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Wild horses return to Kazakhstan steppes after absence of two centuries
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Wild horses return to Kazakhstan steppes after absence of two centuries

A group of the world’s last wild horses have returned to their native Kazakhstan after an absence of about 200 years. The seven horses, four mares from Berlin and a stallion and two other mares from Prague, were flown to the central Asian country on a Czech air force transport plane.

The wild horses, known as Przewalski’s horses, once roamed the vast steppe grasslands of central Asia, where horses are believed to have been first domesticated about 5,500 years ago.

People are known to have been riding and milking horses in northern Kazakhstan nearly 2,000 years before the first records of domestication in Europe. Human activity, including hunting the animals for their meat, as well as road building, which fragmented their population, drove the horses close to extinction in the 1960s.

Filip Mašek, Prague zoo’s spokesperson, said: “These are the only remaining wild horses in the world. Mustangs are domesticated horses that went wild.”

The horses reintroduced into Kazakhstan are descended from two groups that survived in Munich and Prague zoos.

A beige-coloured horse trots out of a metal shipping container as a woman and a man hold the doors openView image in fullscreen

Originally, eight horses had been scheduled to travel, said Mašek, but one horse sat down before the flight from Prague and had to be unloaded and returned to Prague zoo.

“He was just a little dizzy returning, but he is fine now. These horses have to stand for the entire journey – they can’t sit down, mainly because their blood needs to circulate properly. It is a 30-hour journey in total, and the horses will only survive if they stand all the way,” he said.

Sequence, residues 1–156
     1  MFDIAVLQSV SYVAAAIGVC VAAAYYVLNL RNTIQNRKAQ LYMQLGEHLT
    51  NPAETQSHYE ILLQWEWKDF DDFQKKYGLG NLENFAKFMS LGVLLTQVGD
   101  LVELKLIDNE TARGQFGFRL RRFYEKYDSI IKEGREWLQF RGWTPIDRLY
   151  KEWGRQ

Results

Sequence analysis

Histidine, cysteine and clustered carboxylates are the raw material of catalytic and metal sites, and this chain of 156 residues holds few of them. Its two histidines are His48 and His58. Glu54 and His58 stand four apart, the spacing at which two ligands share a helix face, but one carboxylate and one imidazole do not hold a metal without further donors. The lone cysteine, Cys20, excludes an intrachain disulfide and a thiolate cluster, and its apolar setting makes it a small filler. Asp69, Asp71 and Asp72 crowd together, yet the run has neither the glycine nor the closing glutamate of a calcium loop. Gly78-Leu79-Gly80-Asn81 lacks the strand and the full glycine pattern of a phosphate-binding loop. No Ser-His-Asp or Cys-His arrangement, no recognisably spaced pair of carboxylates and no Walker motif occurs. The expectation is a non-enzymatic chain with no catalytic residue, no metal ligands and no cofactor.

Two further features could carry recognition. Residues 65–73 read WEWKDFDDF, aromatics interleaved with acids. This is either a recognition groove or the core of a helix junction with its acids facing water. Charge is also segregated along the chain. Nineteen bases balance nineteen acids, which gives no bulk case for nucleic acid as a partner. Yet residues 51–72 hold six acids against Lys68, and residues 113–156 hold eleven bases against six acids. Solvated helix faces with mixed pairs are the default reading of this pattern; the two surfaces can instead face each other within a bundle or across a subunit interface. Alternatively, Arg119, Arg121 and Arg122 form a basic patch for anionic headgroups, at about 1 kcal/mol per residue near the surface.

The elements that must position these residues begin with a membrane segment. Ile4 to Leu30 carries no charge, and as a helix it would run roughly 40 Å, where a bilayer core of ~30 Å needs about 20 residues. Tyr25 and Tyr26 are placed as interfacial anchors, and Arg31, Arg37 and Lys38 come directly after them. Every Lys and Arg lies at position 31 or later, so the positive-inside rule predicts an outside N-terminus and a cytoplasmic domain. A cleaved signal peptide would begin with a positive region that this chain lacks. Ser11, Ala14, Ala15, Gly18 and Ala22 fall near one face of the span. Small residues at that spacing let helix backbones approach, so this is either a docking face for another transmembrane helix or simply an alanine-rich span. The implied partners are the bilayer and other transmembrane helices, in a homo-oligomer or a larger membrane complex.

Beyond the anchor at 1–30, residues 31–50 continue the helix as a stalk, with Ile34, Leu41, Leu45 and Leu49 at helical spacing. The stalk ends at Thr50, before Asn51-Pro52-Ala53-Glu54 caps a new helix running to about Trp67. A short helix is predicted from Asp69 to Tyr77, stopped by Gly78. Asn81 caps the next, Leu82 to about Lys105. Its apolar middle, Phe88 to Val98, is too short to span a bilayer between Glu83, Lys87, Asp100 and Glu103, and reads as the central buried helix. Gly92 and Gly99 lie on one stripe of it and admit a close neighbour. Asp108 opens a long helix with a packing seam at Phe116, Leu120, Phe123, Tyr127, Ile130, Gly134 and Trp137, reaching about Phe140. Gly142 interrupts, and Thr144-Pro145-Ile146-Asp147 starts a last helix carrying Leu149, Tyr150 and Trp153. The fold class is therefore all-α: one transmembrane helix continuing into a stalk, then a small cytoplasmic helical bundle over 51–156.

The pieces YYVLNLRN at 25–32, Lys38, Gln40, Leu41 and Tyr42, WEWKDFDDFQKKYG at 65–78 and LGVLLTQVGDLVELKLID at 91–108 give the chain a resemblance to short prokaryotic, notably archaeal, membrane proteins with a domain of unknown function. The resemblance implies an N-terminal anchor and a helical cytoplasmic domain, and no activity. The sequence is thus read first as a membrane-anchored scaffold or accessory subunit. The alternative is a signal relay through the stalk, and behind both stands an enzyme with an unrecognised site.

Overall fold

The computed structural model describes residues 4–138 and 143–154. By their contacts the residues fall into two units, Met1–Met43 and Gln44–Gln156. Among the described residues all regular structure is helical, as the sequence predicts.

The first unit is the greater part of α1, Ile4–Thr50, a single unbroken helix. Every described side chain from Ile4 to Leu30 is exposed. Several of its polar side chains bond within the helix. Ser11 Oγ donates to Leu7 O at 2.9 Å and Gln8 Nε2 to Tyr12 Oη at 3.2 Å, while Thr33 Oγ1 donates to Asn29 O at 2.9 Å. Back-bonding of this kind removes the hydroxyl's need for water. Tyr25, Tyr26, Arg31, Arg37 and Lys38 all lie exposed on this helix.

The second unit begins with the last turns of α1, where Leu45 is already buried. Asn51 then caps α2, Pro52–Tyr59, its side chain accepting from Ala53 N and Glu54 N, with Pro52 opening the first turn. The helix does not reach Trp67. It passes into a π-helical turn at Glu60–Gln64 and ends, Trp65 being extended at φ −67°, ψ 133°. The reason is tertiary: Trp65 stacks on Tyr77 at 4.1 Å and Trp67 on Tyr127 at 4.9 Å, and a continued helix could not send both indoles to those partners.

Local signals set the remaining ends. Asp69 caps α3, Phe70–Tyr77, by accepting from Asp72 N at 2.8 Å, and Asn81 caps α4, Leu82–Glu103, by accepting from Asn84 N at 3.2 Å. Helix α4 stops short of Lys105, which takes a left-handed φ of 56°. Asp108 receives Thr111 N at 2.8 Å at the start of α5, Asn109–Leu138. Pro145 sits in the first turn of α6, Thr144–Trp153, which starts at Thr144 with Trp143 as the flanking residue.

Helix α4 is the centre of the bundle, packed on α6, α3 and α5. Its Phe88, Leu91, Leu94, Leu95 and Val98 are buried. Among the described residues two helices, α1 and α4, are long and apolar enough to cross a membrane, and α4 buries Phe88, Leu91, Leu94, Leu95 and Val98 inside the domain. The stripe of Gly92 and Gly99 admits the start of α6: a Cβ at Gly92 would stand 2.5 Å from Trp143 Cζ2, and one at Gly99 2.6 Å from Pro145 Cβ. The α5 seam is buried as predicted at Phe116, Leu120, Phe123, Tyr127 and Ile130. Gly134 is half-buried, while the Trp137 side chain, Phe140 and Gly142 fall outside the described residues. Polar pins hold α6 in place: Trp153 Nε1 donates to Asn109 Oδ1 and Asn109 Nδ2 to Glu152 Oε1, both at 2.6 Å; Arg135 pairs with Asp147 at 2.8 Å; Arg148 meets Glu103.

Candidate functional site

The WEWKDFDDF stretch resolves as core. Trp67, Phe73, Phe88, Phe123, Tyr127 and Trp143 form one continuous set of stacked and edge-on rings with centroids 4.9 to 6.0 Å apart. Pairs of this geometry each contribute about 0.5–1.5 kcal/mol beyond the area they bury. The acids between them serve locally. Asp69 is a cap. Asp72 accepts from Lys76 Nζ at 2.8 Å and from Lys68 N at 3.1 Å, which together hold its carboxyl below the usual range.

Returning the horses from Prague zoo would help increase biodiversity in the region, said Mašek. “The horses spread seeds in their dung and when they dig up plants, they help the water get down into the soil. They also fertilise the steppe with their dung.

“For me”, he said, “the goal of a modern zoo is not just about protecting and breeding endangered species, it is about returning them to the wild where they belong.”

Prague zoo’s director, Miroslav Bobek, said the horses’ arrival was “almost a miracle”, given the relatively short preparation for the relocation and unexpected floods in central Kazakhstan last month.

“This is the beginning of a whole new chapter in the story of the last wild horse on the planet,” he said in a press release.

In 2011, Prague zoo was involved in a reintroduction of Przewalski’s horses to Mongolia. The project, which involved nine flights of horses, continued until 2019 when the population stabilised, said Mašek, adding that there were now about 1,500 of the wild horses in Mongolia.

Mašek said the plan was to transport a total of 40 horses to central Kazakhstan over the next five years.

This first stage of the horse reintroduction involved the Kazakh government’s forestry and wildlife committee, Prague zoo, Tierpark Berlin zoo, Frankfurt Zoological Society and the Association for the Conservation of Biodiversity of Kazakhstan.

Source: theguardian.com